The first issue of American Vampire (Vertigo/DC) goes on sale today, and it’s something rather rare: a non-super-hero comic book that does something new with the vampire genre. Created by writer Scott Snyder and drawn by Rafael Albuquerque, the debut introduces us to Skinner Sweet, a low-down, rattlesnake-mean vampire. Forget the neurasthenic, elegantly neurotic, aristo vamps of so much popular literature. Skinner is more like crossing Breaking Bad‘s Aaron Paul with a young, slim, undead Ronnie Van Zant from Lynyrd Skynyrd: a tough little cuss who wants to bite for the blood, for the class-revenge, and for the pleasure of it.

The book spans decades. Snyder is launching American Vampire with his own story, about a Roaring Twenties version of Skinner, on the shady outskirts of the movie industry. Very smart, knowledgeable stuff. And Snyder gets an assist, and a little extra publicity, by having enlisted Stephen King to write a Skinner origin-story: A lean, mean cowboy Skinner in the Old West. As I’ve written before, one of the best ways King uses his popularity is to draw attention to the work of other writers and artists he admires, so his generosity here is matched by his cool storytelling.

It’s good to know that American Vampire will take its unique character and skip him across many different decades; the story possibilities are abundant. Add Rafael Albuquerque’s excellent art, which mixes shadowy action with bright sunlight and sketchy characters, and you’ve got one promising new series.

'Pride and Prejudice' updates: Enough!

Yesterday, as I was rifling through the mound of galleys that publishers oh-so-kindly sent our way, I came upon a book that made me sigh. No, not Heidi and Spencer Pratt’s How to Be Famous. That book made me scream. Instead, I became immediately fatigued upon finding a copy of The Trials of the Honorable F. Darcy, by Sara Angelini — a 2007 novel (newly in paperback) that’s billed as Legally Blonde-meets-Pride and Prejudice.

Why, you ask? Because I completely, 100 percent supported the trend of Jane Austen mash-ups — until now. Can you say oversaturation? Seth Grahame-Smith’s Pride and Prejudice and Zombies was hysterical, and wholly original. But the novelty has worn thin, with dozens of authors jumping on board to sell their updates of Austen’s work in every genre from romance to mystery to sci-fi. How many more supernatural remixes will we find (see: all those Prejudice-themed vampire books)? How many more chick-lit updates?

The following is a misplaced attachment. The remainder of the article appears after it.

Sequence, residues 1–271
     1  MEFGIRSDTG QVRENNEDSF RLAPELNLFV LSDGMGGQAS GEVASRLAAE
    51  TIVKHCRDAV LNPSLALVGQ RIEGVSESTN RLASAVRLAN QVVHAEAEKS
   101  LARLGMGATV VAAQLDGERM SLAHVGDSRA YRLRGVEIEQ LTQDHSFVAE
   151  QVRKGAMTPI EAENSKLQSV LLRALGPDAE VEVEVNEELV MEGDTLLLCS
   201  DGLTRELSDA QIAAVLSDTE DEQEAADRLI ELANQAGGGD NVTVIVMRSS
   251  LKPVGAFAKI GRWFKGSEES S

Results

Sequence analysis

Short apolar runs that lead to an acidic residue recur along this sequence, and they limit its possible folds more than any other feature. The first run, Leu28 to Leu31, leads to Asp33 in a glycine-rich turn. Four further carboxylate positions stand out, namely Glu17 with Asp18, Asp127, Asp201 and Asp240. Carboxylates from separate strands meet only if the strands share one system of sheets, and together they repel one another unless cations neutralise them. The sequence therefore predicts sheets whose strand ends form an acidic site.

Because, really, there are hundreds of other identifiable, classic authors whose work could use an imaginative update. Let’s leave Austen alone for once. Why not desecrate the work of John Steinbeck, Louisa May Alcott, or, hell, even Dante? Tell me, Shelf Lifers, are you as tired of the Prejudice trend as I am? And whose work do you wish contemporary authors would update?

Are Edward and Bella in an abusive relationship?

I’m the first person who’ll tell you how important the Twilight series is — not from a literary standpoint, mind you, but more from a reading standpoint: These are books that get kids reading. And yet, as a feminist and the mom of teenage daughters, I’ve also got some problems with them — namely, their depiction of women and relationships. Why does Bella always need to be rescued by men? Can’t she rescue herself occasionally? Heck — can’t she even drive herself places? (In New Moon, whenever she’s in her truck with either Edward or Jacob, they’re the ones driving.) Why do all the male vampires have college degrees, medical degrees, and so forth, while — SPOILER ALERT FROM ECLIPSE AND BREAKING DAWN!!! — Bella gets married fresh out of high school, with nary a word breathed about higher education? And then, when she becomes pregnant, why does she emphatically refuse an abortion, even though the pregnancy is killing her? (Let me be clear: I’m not saying it’s wrong for a woman to choose marriage and motherhood, or wrong for her to decide against college. But Bella is still a kid, even in Breaking Dawn.)

So last week, in his excellent blog post, movie critic Owen Gleiberman compared Edward to a stalker. And yesterday, in “Is Team Edward Enabling Domestic Violence?”, GalleyCat’s Ron Hogan called my attention to a LiveJournal post describing how the Edward-Bella romance has all the earmarks of an abusive relationship as defined by a national domestic violence group: “Does your partner look at you or act in ways that scare you? Check. Make all the decisions? Check. Threaten to kill you? On their first date….”

Hmmm. what do you think?

Exclusive: Melissa de la Cruz on her new series

Hyperion has signed Melissa de la Cruz — whose Blue Bloods vampire books have all been huge YA hits —to a two-book deal for an adult paranormal series. The first, The Witches of East End, will go on sale in May 2011. “It’s about a mother and two daughters who move to town and shake things up,” says de la Cruz. “There’s already a family of warlocks living there who aren’t too happy with their arrival…It’s based on old Norse mythology.” She notes that characters from Blue Bloods will show up in the books — “some in essential roles; others more tangential” and says, of her switch to adult fiction, “I’ve been writing YA books for more than a decade. Many of my fans have grown up.  Now I can have more grown-up themes: One character works in a bar; another gets involved with the mayor. There are romantic entanglements that are not so innocent!”